The Books I Gift Most Often

Often when I reveal I’m a book blogger in conversation, I’m asked who my favorite writer is, or what books I recommend most. Oddly enough, these two aren’t always the same.

The following books are ones that I believe every human should read. Regardless of what your reading tendencies are, these are works that will resonate with anyone on some level. These are all writers who are incredibly skilled not only technically but emotionally as well.

Whenever I see a cheap copy of any of these while thrifting, I grab it. I have a short shelf in my office closet where I keep them to gift when the moment is right. I’m highly intuitive and my personal recommendations are definitely guided by this. Sometimes I see a book and just have a feeling that a particular person will like it. Or I get a nudge that someone needs one of these books now, when I hadn’t felt that before.

Take this list as my own way of personally recommending each of these books to you as well!

The Books I Gift Most Often


Naked by David Sedaris

After The Santa Land Diaries, my other favorite Sedaris essay, Plague of Tics,  is in this collection. This is the first book of his I read, and the first non-fiction writing that made me think, I want to do that. It’s hard to say which of Sedaris’ books is his “best,” but this is a top contender. I think it’s a great introduction to him as a writer, and a human.


Big Magic by Elizabeth Gilbert

I’ve heard some creatives call this book their Bible and I can understand that sentiment. I think of it as a guide to authentic living. Even if you don’t think of yourself as “creative,” you will take a lot from this book. And I think you’ll realize you’re more “creative” than you give yourself credit for. Because having ideas, making decisions, living a full life – all of this requires us to be creative, even if we aren’t creating a tangible object.


The Happiness Project by Gretchen Rubin

This book opened my eyes to the fact that I am the only person who is in control of my own happiness. I think everyone needs to have this realization so I gift this book a lot. Gretch Rubin has since written several more books that are powerful for inspiring change in regard to happiness, habits, and overall quality of life. This one is the best introduction to Gretchen and her work.

Watership Down by Richard Adams

This is my first favorite book that has stuck with me. I read it when I was 12 and have returned to it many times, even suggesting it for my book club as recently as three years ago. It’s a classic but it doesn’t feel that way. It’s not an allegory, it’s just a really good adventure story about rabbits. It serves as a great introduction for younger readers to more grown up reading, and is powerful for animal lovers to imagine how rabbits (and other animals) might be living these rich, complicated lives.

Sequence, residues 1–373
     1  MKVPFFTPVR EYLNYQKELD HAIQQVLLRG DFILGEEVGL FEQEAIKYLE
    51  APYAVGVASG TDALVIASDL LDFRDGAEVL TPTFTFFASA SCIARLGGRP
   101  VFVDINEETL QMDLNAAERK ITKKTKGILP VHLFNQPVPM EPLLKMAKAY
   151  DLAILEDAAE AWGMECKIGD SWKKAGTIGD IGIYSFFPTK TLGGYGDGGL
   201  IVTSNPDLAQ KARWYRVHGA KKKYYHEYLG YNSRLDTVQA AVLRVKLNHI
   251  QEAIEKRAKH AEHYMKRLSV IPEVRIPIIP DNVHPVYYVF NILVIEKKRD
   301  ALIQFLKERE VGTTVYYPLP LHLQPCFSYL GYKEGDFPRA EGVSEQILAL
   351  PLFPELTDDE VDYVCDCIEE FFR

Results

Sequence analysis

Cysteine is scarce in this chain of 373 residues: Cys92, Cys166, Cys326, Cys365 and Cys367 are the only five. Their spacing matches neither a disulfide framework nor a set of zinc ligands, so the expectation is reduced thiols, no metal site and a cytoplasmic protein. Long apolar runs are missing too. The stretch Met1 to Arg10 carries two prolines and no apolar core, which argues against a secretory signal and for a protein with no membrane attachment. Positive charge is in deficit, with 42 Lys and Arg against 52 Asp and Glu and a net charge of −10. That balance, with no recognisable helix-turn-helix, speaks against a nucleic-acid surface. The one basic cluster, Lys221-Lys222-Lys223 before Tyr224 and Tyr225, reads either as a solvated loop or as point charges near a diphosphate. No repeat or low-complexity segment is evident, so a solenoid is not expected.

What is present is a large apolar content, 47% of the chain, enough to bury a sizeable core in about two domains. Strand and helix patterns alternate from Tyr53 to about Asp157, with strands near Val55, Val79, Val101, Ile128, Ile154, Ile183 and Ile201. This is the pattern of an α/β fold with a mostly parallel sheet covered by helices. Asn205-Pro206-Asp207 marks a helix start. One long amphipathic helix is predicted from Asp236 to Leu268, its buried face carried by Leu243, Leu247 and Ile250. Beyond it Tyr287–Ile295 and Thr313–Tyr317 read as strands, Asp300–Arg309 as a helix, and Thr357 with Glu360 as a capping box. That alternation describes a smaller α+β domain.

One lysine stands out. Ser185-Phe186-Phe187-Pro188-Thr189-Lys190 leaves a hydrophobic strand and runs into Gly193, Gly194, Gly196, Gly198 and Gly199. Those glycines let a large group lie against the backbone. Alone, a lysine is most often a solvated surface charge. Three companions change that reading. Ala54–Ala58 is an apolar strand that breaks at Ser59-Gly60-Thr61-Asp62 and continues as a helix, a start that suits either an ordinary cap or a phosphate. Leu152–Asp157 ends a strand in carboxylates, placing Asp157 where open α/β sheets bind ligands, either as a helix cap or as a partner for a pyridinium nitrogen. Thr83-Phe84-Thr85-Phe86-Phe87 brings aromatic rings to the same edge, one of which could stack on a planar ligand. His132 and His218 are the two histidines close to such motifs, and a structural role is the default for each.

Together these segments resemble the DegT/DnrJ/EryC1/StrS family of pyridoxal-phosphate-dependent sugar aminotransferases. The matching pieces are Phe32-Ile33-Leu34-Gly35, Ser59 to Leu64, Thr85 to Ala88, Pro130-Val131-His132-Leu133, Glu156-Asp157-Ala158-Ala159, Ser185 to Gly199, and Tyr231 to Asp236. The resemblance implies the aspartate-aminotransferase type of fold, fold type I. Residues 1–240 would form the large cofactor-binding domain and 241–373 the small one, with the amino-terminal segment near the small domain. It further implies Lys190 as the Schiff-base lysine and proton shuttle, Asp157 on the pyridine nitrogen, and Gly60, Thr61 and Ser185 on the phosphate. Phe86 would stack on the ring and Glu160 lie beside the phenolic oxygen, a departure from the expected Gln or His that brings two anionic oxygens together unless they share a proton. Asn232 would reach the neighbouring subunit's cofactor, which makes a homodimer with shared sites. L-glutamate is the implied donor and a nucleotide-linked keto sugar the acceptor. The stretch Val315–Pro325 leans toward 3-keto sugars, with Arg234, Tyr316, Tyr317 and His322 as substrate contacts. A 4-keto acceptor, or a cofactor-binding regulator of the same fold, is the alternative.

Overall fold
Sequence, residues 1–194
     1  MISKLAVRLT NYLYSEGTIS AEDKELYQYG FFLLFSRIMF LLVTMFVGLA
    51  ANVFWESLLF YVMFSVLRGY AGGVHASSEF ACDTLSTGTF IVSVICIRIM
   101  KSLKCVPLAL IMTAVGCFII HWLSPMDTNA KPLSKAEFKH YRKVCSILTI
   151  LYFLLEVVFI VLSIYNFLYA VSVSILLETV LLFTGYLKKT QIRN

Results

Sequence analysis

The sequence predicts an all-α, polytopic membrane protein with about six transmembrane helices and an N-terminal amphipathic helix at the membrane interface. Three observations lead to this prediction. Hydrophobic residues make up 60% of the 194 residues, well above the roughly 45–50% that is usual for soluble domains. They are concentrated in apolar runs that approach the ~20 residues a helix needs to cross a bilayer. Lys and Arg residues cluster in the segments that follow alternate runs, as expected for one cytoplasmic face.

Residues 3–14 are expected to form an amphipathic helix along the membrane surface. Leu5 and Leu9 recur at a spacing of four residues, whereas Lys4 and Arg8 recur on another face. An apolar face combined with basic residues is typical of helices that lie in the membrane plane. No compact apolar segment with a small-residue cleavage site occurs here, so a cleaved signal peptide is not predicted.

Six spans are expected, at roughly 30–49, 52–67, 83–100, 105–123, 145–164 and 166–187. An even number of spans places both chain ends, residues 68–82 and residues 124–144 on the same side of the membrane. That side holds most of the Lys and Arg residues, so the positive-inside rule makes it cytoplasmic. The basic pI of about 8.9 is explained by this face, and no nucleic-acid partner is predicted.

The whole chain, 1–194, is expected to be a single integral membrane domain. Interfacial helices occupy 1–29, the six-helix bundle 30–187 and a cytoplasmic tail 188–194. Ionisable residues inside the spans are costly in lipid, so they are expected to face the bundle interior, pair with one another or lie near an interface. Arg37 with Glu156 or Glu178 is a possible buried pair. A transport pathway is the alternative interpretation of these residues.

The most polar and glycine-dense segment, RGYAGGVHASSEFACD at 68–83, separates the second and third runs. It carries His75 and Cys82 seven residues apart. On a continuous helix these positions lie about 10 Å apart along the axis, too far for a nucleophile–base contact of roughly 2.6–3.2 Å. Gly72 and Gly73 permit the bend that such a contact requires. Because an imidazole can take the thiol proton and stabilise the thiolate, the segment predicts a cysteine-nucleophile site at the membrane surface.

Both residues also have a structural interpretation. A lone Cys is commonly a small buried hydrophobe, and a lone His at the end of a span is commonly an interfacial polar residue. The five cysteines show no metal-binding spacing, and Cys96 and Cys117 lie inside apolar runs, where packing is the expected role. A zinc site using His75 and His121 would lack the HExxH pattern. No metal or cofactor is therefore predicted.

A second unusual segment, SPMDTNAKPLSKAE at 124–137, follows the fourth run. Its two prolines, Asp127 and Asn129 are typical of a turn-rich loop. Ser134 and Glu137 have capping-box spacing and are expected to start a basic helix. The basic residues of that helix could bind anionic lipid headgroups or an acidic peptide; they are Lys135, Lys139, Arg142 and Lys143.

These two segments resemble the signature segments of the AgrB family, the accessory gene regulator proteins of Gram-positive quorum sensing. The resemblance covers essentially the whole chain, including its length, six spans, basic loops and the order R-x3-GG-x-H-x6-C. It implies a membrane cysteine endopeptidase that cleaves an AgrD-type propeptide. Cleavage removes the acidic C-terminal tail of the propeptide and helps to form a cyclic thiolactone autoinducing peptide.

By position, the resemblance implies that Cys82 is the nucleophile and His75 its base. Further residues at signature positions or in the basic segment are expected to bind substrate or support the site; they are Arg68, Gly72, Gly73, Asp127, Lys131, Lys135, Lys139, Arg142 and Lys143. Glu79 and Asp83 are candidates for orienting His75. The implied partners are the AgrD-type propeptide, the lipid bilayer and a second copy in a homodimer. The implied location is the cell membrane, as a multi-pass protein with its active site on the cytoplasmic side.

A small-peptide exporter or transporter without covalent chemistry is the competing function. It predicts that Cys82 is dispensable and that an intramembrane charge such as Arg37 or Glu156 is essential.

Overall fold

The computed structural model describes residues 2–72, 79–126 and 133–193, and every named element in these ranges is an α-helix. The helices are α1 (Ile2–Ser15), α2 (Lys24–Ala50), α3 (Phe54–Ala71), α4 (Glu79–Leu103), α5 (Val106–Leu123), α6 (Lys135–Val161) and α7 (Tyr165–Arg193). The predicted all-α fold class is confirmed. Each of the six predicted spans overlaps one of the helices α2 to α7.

Olive Kitteridge by Elizabeth Strout

A novel in short stories, Olive Kitteridge is unlike most other fiction you’ll read. It’s emotionally full and messy, chronicling how the lives of people in a small town overlap. Olive is not a likable protagonist, which used to bother me but now I see how representative that is of real life. From these different points of view, we get a better portrait of Olive Kitteridge as a woman and a human being, than we would have from a straightforward narrative.

Bel Canto by Ann Patchett

Inspired by actual events, and the author’s love of opera, this is one of the most beautiful novels I’ve read. There is action and violence, and it puts these characters in an extraordinary position to see each other in ways they wouldn’t have otherwise. It puts the human heart on display, and our capacity for love, connection, and understanding, even in times of crisis.

The Seven Husbands of Evelyn Hugo by Taylor Jenkins Reid

Technically I’ve never gifted this book to anyone. However since I read it in June, I’ve lent my copy to four friends who all loved it. I’ve had my eyes peeled for another copy since then. This will definitely be a book I keep on my “To Gift” shelf.  It’s a story with a little bit of everything. It’s historical fiction, with themes of romance, social issues, current events. The writing is sharp, weaving past and present beautifully. It’s a must read for anyone who loves a good story and deep characters.

Have you read any of these? Maybe I’ve even gifted you one? I want to hear your thoughts.

And what books do you pass on to others most often?

1 Comment

  1. Jackie O'Briant

    December 13, 2019 at 7:34 am

    I have read most of these—I loved Big Magic, Bel Canto, Watership Down, and The Seven Husbands of Evelyn Hugo myself. You’ve made me very curious about Olive Kitteridge…I think I’ll need to read that one. I’ve never thought of having a shelf of go-to books for gifting. I want to say that I’m more of a case-by-case gifter, but when I think about it, I do have my go-to’s in my classroom for getting students hooked. Some of those are Orbiting Jupiter, Scythe, Projekt 1067, Simon vs. the Homo Sapien Agenda, and Born a Crime.

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